Not surprisingly, the country that produced Leonardo, Michelangelo, and Palladio is also the source of some spectacular decor collectibles. Below is a bit of background about a few of our favorites.
Fortuny fabrics were born out of Mariano Fortuny’s desire to create luxury textiles using readily available cotton. The fashion designer and lighting engineer invented dye formulas and production methods that imbued the durable material with the luster and vivid colors of silk fabrics. In 1922 he opened a textiles factory on the Venetian island of Giudecca, which remains the only place Fortuny fabrics are made, just as his printing methods remain secret.
Damasks and brocades dating back to the Renaissance inspired many of the first Fortuny prints; Mariano and his team later incorporated the geometry of Art Deco and traditional African motifs into their designs. A pair of Fortuny pillows on a sofa brings timeless elegance to a room; multiple pillows in a trove of patterns and colors evoke a boho-luxe insouciance.
Fortuny’s Campanelle pattern, seen on the pillows at left, was inspired by the bluebells said to have resulted from the shards of Venus’s mirror after Cupid dropped it.
Less than an hour by ferry from Giudecca is the island of Murano, where glassmaking has been a tradition and an art form since the 13th century. That’s when Venice, fearful that a glass-factory fire could raze the entire city, decreed that all such factories relocate to Murano. Although colorless glass was invented on Murano—by Angelo Barovier in the 15th century—today Murano glass is especially prized for its vivid colors and innovative techniques. These include avventurina, which entails adding metal to hot glass, and filigrana, which creates stripes. Sommerso glass, in which two or more colors are layered without any blending of the hues, was invented on Murano as recently as the 1930s.
Because Murano glass has been produced for centuries, there’s a form and a style ideal for just about every taste and space. Sconces and chandeliers with Murano glass prisms and pendalogues imbue a room with grandeur; free-form bowls add midcentury panache; an array of colored vases and glasses on a shelf is certain to brighten up any space.
Tole gets its name from tôle peint, French for “painting on sheet metal.” Italian toleware, however, is arguably the most in-demand, particularly trays and bowls adorned with hand-painted landscapes and lighting festooned with painted and gilded metal flowers. Produced primarily in and around Florence, tole chandeliers and sconces were all the rage in the 1950s and ’60s, then fell out of favor. But thanks to grandmillennial chic, toleware is once again being displayed with pride. A great way to start your collection is with something that’s both functional and fanciful, such as a catchall you can use to hold keys and spare change on your entry console. You could also add one or two tole dishes or trays to a gallery wall—or, of course, go big with a spectacular light fixture.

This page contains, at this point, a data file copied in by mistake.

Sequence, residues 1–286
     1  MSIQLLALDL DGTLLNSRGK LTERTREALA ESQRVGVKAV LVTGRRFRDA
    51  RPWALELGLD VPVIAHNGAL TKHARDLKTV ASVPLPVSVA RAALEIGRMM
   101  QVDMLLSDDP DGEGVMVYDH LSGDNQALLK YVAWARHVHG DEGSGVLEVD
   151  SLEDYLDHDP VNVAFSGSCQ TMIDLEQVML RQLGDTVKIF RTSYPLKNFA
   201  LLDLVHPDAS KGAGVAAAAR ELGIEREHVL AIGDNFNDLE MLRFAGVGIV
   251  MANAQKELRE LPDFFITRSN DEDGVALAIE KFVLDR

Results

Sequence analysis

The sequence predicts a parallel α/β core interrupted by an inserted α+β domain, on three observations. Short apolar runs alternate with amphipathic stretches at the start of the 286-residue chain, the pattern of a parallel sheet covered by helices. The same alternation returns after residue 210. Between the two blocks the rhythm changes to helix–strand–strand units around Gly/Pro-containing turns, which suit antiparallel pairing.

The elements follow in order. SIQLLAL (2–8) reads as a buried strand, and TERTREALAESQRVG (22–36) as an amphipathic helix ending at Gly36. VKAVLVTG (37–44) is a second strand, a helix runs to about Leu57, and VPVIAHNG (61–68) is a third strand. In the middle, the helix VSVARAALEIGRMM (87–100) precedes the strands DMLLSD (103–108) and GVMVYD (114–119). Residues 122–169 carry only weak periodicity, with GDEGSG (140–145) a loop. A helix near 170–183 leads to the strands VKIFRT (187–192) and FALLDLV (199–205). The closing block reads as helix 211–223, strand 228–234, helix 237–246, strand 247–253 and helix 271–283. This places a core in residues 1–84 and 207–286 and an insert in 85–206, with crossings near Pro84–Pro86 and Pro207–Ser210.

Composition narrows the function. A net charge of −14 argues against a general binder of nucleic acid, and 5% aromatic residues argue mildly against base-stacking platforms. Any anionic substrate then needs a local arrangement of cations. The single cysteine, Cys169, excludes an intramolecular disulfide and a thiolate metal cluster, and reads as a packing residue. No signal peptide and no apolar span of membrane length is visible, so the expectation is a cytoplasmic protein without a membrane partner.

The reverse of the tole urn at right features a simpler but no less elegant design.
Like tole, lifelike stone sculptures of fruit are enjoying a comeback thanks to grandmother chic. Hand-carved and hand-painted alabaster fruit (and vegetables, eggs, and nuts too) were to the mid-20th century as Staffordshire dogs were to the Victorian era: must-have decor. The Tuscan town of Volterra has been the center of the European alabaster trade for centuries, and if you come across alabaster fruit today, you can safely wager it was crafted in that region. Whether you place a stone apple or two on your mantel or heap several bunches of alabaster grapes in a bowl, you’re certain to add both artistry and charm to a setting—and to fool at least a few guests as well.
The verisimilitude of vintage Italian alabaster fruit, such as this apple and pear, can be startling.
This form of tin-glazed earthenware started as maiolica in 15th-century Spain before being adopted in a big way by the Italians, particularly the Tuscans, during the Renaissance. The British subsequently fell in love with majolica during the Victorian era, only to fall out of love during the subsequent Edwardian era. But Italy continued to produce this distinctive pottery throughout the centuries.
Founded just outside of Florence in 1735 by nobleman and politician Carlo Ginori, this company is Italy’s best-known porcelain manufacturer. For nearly two centuries Ginori favored romantic and rococo styles, but when architect/designer Gio Ponti was brought on as artistic director in 1923, he modernized the aesthetic while still paying tribute to classical motifs. Among the most sought-after patterns are Le Mie Donne, Ponti’s first Ginori collection, and Perugia, featuring floating fruits and flowers.